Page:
After 41 Homicides Across Dallas In May — And More Than 70 Through Five Months In 2019 — Here’s A Breakdown Of Where Dallas’ Murders Are Taking Place.
Update at 2:55 p.m. on June 6, 2019: As teased in the tweet we’d embedded in our original story below, Robert Mundinger of TheMap.io has checked in today with an interactive map he’s created to plot Dallas’s 2019 homicides — and a few from outside city limits for good measure — in greater detail and with broader perspective.
For instance? This new visualization ups the ante some on the map we posted with our initial story, as it offers users toggles that allow them to group Dallas’ 2019 murders by month.
Even more interesting, though, is the fact that every point on Mundinger’s main map also comes with some necessary context, as they all hyperlink to news articles that have been published on these crimes. Just as striking, though: By toggling the “on” feature for his default-“off” DPD reported homicides tab, you can see not just every murder that the local news media has covered, but every single murder DPD reported — including the ones that went unreported in the press.
Basically, you’re going to want to clear a few minutes from your schedule before diving into this thing. Feel free to get started by messing around with the below embedded version of Mundinger’s map. But do yourself a favor and be sure to visit his own site for the full-scale edition, too.
Original story follows.
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By now, you’ve surely heard: In May, there were a whopping 41 homicide in Dallas.
That feels like an insane amount of murders for the city to bear — more than 1.32 murders per day, and certainly more than the already-understaffed and decidedly fucked Dallas Police Department’s 14-detective homicide unit could realistically be expected to handle.
That’s why, just last week — even with Dallas’ homicide unit still solving its open cases at a better rate than the national average — DPD announced that it had shifted eight detectives from other departments to the homicide unit, bringing its count of detectives looking into these murders up to 22. If that figure still sounds low to you, you’re not wrong: By comparison, there are more than 80 detectives assigned to the Houston Police Department’s homicide unit.
It’s worth keeping in mind, though, that while homicide detectives are indeed tasked with solving murder cases, they don’t do much to actively prevent them. That task largely falls to the efforts of cops tasked with street and beat assignments — and, with DPD continuously struggling to boost its overall staffing size, there’s not much help expected any time soon on those fronts.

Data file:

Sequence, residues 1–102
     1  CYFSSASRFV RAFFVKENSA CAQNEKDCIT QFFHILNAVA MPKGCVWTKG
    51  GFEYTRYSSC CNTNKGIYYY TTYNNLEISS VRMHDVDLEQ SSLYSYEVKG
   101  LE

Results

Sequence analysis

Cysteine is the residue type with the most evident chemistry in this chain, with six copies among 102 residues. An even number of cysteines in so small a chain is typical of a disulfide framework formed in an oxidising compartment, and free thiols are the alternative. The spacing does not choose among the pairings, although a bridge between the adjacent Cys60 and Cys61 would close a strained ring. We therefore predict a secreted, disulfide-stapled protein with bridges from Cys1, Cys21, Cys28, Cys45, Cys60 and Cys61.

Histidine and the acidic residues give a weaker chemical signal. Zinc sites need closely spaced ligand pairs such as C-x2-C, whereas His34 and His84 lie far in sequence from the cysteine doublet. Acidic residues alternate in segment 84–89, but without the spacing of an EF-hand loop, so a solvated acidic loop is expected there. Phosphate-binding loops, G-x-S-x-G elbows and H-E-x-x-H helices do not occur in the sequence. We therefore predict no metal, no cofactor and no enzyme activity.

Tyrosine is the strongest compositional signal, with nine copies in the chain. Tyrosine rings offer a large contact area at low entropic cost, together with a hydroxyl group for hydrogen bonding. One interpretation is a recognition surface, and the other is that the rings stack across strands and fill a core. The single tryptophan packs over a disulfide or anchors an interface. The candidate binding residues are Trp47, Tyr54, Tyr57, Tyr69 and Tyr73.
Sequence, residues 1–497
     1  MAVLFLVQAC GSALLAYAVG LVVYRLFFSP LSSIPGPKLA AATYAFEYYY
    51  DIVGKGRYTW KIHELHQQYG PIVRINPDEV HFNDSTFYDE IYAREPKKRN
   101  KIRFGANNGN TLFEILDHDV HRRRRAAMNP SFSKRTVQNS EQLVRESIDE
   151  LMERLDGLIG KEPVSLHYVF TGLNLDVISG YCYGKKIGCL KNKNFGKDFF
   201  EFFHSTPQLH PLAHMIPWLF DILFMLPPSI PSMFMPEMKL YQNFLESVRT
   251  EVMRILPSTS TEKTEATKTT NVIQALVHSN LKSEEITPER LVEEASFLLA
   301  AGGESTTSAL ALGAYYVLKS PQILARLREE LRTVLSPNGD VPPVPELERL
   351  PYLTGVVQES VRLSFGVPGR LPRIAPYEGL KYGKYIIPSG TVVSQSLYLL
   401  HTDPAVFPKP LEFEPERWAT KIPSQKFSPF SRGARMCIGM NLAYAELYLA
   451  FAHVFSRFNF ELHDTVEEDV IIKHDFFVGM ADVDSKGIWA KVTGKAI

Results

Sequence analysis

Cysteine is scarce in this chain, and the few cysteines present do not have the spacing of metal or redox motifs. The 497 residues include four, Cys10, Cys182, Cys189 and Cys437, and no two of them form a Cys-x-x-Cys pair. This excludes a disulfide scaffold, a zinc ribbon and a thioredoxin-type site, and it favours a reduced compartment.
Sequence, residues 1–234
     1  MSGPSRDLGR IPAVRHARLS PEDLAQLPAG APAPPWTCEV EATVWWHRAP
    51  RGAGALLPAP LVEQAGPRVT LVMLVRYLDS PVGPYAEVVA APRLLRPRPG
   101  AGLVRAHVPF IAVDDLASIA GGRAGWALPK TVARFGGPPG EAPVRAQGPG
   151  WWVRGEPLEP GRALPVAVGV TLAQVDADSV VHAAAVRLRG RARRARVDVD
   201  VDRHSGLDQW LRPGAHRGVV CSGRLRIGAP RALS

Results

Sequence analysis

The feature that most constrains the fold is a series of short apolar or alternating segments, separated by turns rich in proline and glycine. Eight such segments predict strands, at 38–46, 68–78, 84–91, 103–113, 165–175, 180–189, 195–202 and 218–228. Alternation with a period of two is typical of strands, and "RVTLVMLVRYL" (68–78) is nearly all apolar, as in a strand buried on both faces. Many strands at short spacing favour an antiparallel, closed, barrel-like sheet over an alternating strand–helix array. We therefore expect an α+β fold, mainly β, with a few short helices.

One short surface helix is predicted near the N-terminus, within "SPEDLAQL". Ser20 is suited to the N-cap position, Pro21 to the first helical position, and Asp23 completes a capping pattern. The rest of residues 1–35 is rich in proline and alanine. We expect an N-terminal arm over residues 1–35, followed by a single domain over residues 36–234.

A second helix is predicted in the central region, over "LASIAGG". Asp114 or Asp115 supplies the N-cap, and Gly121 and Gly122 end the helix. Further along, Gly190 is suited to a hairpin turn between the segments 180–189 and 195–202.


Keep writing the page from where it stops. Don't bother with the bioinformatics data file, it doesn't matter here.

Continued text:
Still, May’s rash of homicides was, most reasonable accounts, a spike. Through the first five months of 2019, DPD has opened more than 70 murder cases in Dallas. And while those figures are up from last year’s murder rate and without a doubt concerning considering recent major downturns in Dallas murder numbers, they’re still nowhere near the numbers Dallas saw in 1991, when the department reported 500 murders throughout the year — a rate of 1.37 murders per day, which is up from May’s seemingly gobsmacking numbers.
Perhaps more concerning than the rise in murders this year is that there doesn’t seem to be any rhyme or reason as to where these crime are happening. The below map, created and shared to Twitter by Owen Wilson-Chavez of Dallas’ Child Poverty Action Lab nonprofit, shows that these murders are, geographically speaking, a truly citywide concern.
I threw together a map of homicides from Jan 1, 2019 – May 31, 2019 over the weekend. Shown here by City Service Areas / DPD Divisions. More to come throughout the day. @themapdallas Have you started an interactive map? #Dallas pic.twitter.com/fIGbx1g1P1
— Owen Wilson-Chavez (@oh_and) June 3, 2019
It’s worth keeping in mind that this map is not entirely accurate — through no fault of its creator, necessarily. Wilson-Chavez created this map using data pulled from the Dallas Open Data Portal, which isn’t always updated in the most timely of fashions. To wit, the month-by-month line graph of Dallas murders included in Wilson-Chavez’s visualization only notes 28 murders in May, and not the 41 homicides that DPD itself has publicly acknowledged.
Even so, it’s pretty clear just looking at the map: It doesn’t appear as if any particular region in Dallas is significantly more to blame for this homicide surge than any other.
It’s an issue the entire city is facing.